A man tries to get connected to the youtube web site with his tablet at a cafe in Istanbul March 27, 2014.

© 2014 Reuters

The choice of Turkey as the location for the world’s annual Internet Governance Forum (IGF) might have been the conference’s most fundamental problem. But it was not the only one.

Thousands of stakeholders from around the globe gathered to discuss how to enhance digital trust, enable access, and prevent Internet fragmentation.

But perhaps the agenda was most notable for what it didn’t include: the question of Internet freedom in Turkey. Over the past year Turkish authorities have imprisoned journalists, banned Twitter, and blocked YouTube. Yet,“country-specific” panels and workshops are not permitted in IGF programs, so Turkey’s digital rights violations were missing from the agenda.

Not surprisingly, Turkey’s Internet freedom and governance problems forced their way onto the agenda anyway. Outside the IGF convention center, in the Google “Big Tent,” citizen journalist Arzu Geybullayeva directly challenged the Turkish government representative about his assertion that the shutdown of Twitter for 13 days wasn’t a significant infringement of free expression. Berkman Internet policy fellow Camille Francois challenged the government representative for his claim that the government was somehow not responsible for imprisonment of journalists on charges such as insulting the prime minister or raising corruption charges in news media. These confrontations generated enormous applause from the audience.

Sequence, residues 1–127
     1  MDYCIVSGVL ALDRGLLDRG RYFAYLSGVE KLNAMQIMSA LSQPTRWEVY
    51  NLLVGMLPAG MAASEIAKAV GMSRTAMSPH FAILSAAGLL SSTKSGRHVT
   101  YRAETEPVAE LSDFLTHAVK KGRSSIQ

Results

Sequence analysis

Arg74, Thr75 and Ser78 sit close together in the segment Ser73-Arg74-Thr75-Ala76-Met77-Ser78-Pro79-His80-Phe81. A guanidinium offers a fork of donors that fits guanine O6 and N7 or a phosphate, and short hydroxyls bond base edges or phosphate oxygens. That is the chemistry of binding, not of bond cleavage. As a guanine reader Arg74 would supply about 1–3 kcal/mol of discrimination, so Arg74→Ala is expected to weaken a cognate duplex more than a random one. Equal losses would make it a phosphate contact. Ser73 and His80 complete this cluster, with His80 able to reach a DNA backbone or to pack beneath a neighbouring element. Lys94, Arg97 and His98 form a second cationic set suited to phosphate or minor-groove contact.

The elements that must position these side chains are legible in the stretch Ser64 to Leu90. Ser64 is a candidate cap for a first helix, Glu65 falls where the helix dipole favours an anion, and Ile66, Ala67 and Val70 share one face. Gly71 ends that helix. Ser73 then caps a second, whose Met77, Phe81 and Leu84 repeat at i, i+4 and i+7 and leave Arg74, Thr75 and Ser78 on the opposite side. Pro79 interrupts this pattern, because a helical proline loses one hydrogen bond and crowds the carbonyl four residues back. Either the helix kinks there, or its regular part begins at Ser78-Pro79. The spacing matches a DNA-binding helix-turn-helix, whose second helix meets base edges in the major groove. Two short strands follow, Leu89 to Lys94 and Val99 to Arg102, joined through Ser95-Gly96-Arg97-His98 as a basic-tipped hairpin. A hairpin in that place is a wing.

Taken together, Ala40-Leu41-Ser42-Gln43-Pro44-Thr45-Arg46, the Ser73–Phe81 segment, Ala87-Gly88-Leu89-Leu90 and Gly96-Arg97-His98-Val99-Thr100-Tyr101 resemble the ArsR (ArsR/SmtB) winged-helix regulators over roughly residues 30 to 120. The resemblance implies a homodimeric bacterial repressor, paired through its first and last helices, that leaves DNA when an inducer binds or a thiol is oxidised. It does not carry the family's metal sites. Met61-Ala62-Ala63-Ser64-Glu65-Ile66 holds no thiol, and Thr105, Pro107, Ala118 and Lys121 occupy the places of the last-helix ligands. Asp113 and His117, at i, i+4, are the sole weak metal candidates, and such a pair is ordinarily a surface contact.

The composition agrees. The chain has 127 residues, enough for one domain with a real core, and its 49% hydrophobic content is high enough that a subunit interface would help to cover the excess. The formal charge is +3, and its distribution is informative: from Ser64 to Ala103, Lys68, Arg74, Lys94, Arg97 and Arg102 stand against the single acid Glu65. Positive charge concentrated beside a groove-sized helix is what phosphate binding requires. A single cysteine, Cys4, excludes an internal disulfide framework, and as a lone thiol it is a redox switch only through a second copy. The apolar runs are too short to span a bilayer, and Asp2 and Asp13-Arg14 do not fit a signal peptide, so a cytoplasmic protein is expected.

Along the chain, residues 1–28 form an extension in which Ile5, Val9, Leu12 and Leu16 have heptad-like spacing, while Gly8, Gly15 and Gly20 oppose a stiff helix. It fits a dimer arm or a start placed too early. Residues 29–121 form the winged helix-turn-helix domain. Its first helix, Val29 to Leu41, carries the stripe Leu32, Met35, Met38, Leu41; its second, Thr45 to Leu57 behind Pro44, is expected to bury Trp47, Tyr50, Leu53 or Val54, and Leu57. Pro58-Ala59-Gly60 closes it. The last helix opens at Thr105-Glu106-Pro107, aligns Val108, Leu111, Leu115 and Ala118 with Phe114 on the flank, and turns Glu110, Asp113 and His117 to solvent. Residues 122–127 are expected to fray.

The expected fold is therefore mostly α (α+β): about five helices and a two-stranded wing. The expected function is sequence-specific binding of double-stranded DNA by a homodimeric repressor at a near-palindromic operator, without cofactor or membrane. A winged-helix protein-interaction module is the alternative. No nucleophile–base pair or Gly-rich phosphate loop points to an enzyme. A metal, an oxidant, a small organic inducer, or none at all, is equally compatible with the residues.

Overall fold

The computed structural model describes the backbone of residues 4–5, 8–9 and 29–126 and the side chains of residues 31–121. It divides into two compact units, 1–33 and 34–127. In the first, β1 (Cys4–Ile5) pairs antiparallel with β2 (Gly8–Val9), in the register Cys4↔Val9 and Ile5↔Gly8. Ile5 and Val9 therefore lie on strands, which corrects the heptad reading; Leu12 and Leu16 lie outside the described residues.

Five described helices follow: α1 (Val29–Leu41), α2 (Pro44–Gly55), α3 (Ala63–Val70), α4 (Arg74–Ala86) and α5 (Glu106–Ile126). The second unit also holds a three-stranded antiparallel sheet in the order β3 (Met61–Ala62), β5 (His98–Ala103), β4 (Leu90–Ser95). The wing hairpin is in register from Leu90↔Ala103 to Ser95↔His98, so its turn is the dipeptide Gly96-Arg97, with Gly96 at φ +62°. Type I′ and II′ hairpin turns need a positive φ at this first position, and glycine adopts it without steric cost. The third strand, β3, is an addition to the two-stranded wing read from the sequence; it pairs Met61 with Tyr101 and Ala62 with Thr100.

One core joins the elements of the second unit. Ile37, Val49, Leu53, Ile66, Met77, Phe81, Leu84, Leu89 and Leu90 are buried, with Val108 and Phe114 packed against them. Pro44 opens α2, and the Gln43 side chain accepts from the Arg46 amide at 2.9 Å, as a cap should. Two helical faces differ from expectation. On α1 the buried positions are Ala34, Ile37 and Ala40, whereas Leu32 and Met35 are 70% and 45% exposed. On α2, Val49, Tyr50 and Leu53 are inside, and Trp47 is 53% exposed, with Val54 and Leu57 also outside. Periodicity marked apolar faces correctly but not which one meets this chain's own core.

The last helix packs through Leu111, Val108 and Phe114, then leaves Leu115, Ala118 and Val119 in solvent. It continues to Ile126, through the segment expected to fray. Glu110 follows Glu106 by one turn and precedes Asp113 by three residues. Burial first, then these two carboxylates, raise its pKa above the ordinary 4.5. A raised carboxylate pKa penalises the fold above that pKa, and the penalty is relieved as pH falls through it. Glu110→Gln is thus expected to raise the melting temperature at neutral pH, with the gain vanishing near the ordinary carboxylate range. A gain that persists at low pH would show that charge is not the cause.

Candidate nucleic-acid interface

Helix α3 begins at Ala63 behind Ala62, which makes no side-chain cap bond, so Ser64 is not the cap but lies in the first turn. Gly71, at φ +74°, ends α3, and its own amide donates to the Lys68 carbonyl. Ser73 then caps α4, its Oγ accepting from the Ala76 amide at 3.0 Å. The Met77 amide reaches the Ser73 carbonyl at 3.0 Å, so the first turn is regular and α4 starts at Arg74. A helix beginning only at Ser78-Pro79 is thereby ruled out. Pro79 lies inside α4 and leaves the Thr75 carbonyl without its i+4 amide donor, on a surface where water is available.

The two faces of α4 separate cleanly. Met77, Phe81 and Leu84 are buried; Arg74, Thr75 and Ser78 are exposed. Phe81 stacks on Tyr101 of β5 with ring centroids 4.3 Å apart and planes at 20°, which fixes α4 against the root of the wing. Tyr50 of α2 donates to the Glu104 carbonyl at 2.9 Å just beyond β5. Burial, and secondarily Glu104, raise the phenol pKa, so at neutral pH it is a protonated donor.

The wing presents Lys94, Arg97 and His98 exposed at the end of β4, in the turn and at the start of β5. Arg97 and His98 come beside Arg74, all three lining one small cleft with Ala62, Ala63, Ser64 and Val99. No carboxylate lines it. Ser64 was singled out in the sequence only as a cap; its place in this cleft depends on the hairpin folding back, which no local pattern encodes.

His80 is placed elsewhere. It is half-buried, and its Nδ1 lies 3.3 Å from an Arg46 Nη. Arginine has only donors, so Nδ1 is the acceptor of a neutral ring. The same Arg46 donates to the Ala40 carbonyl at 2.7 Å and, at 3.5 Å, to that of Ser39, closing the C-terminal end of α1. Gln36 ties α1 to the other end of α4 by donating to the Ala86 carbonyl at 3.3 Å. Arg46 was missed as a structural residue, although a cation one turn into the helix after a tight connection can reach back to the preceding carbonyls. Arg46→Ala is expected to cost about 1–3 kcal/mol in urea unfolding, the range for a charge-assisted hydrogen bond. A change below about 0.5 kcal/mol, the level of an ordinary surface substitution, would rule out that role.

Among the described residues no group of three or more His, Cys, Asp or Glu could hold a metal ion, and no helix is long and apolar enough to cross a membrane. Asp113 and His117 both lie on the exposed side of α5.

Many Turkish activists chose to boycott the IGF. The “Internet UnGovernance Forum” was organized as an alternative venue for activists to speak freely, and to give a voice to critics of the IGF program. 

So, did the IGF accomplish anything worthwhile? The IGF was established in 2005 under the auspices of the United Nations as a forum for multistakeholder dialog about global Internet policy. But it is not a policy-making body. The IGF is a great place to meet and discuss vitally important issues: the fragmentation of the open Internet; the growing assertion of national sovereignty over cyberspace; and the fallout from the NSA spying scandal. But while IGF conversations about multistakeholder internet governance continue, Internet policy is being made in other venues. 

Internet governance will determine the future of Internet freedom. Going forward, IGF participants need to move beyond conversations to tangible outcomes, and get into fora where we can leverage our influence on actual Internet policy.